Governor Cuomo on just about the last day he could approve or veto legislation for 2015 signed a bill sponsored by State Senator Marty Golden (whom I serve as chief of staff) that might be one of the most important anti-fraud and waste pieces of legislation that has come out of Albany in years. Called the Enterprise Fraud Law, it’s not the type of legislation that catches the headlines unless you run a good government group or watch government closely.
The bill requires agencies and public authorities to provide New York State Comptroller Thomas DiNapoli’s office with electronic data that can be analyzed. This is the type of data that is typically made available in the private sector to CPA firms doing audits. Due to the nature of the files, the information can quickly and efficiently be processed.
The end results should greatly aid the rooting out of waste and fraud. Of course, the comptroller simply audits and recommends. The agencies under the control of the governor will still need to adopt the audit recommendations. Like me, you are probably wondering why this was not already taking place and why it required legislation. Let’s just say that the governor was resistant to a change that allowed for additional oversight of his agencies.
The bill in the Assembly was sponsored by Assemblymember Andrew Hevesi whose father once served as state comptroller.
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Earlier in the year, the New York Public Interest Group (NYPIRG) did an assessment of the state legislature in which it rated the most productive legislators from the perspective of bills passed by their house and the legislature as a whole. Senator Golden was right there on top of both lists, making him the most productive legislator by this measurement in 2015. At that time, we did not know how many of these bills would be signed into law by the governor in as much as he had until the end of the year. And, in reality, the success of a legislator’s efforts are best judged by the bills that actually become law.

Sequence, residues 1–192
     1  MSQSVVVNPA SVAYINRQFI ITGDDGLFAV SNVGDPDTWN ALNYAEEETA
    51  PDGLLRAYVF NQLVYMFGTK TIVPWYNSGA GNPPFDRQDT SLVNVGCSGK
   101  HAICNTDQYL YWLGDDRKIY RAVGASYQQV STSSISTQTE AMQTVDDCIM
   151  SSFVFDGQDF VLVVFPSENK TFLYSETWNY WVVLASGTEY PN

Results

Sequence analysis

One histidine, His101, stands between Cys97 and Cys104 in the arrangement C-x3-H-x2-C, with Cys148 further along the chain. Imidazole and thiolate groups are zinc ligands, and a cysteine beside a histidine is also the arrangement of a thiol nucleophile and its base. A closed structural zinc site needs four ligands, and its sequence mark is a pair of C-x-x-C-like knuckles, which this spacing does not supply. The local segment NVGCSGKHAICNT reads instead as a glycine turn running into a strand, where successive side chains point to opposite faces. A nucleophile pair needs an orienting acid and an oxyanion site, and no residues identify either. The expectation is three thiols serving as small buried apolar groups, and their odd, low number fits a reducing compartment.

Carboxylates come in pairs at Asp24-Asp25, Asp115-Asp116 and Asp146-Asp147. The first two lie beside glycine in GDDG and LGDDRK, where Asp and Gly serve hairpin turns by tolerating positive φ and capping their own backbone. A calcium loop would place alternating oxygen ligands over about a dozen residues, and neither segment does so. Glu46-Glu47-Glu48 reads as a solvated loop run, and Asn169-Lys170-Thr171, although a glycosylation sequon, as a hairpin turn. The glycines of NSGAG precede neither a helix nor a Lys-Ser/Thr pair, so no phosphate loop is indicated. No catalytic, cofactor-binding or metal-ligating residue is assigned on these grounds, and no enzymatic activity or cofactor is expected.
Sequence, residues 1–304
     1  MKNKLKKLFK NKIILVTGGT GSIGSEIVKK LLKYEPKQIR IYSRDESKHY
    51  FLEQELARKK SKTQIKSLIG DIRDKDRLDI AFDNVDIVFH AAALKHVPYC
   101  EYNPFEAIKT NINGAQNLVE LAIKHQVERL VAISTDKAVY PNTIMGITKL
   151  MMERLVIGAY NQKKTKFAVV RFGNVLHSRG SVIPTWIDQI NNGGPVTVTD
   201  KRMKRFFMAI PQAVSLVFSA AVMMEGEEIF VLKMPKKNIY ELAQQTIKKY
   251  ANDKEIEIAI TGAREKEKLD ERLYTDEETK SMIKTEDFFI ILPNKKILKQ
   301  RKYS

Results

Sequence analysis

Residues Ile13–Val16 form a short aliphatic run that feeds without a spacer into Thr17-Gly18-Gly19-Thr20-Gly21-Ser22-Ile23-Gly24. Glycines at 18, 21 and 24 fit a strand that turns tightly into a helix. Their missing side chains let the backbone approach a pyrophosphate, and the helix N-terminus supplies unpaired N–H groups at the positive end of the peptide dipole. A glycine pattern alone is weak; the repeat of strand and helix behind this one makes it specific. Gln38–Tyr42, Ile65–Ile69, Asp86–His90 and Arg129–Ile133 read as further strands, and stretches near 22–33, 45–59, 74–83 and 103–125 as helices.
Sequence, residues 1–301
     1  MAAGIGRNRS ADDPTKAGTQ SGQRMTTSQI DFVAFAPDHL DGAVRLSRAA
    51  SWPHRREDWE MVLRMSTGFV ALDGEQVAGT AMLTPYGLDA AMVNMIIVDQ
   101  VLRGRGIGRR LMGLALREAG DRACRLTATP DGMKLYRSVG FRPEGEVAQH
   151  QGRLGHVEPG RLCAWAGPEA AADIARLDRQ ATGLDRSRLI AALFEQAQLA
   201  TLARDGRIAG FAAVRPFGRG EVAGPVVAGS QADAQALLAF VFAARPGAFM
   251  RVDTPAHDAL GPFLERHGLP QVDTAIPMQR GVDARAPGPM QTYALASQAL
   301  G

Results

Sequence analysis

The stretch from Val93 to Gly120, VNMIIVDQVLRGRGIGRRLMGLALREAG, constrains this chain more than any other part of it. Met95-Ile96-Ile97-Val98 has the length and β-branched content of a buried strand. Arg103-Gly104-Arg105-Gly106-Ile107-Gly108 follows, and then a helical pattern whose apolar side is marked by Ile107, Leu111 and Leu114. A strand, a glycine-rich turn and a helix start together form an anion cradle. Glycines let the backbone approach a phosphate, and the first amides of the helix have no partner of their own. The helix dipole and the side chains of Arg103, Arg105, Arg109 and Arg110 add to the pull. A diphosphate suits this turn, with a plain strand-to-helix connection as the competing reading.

I am pleased to report that Senator Golden had 25 new chapters (bills signed into law by the governor), which will be the most or second most in the 213-member
legislature. These new laws range from the anti-fraud bill I discussed above to laws to help fight crime on the subways to enhanced benefits for seniors, new protections for EMS workers, and a variety of new laws affecting pensions and government employees. And this does not include programs and changes to the way government operates that the senator inserts into the state budget. Some of these are tax credits that have helped maintain and expand the digital industry in the city as well as secure the movie tax credit as a vehicle that produces thousands of jobs within the five boroughs
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As of this writing, there are three major national polls (FOX, Q AND NBC/WSJ) that show Donald Trump being trounced by Hillary Clinton. Those same polls show Marco Rubio and Ted Cruz either beating her or in a dead heat with Rubio doing somewhat better than Cruz. The national polling, unlike the Republican party polling, does not show Trump getting stronger in a national context but rather, as he continues to say just about anything on his mind, losing ground.
In just a matter of a few weeks, the Republican electorate will begin the process of deciding whether they wish to be competitive in November or possibly throw the election away. Of course, these Republicans will tell me that I am wrong and that Trump has a plan to turn all the groups he has offended around. I do not think so. The offended groups are numerous and the offenses very deep. They are not coming back to Trump.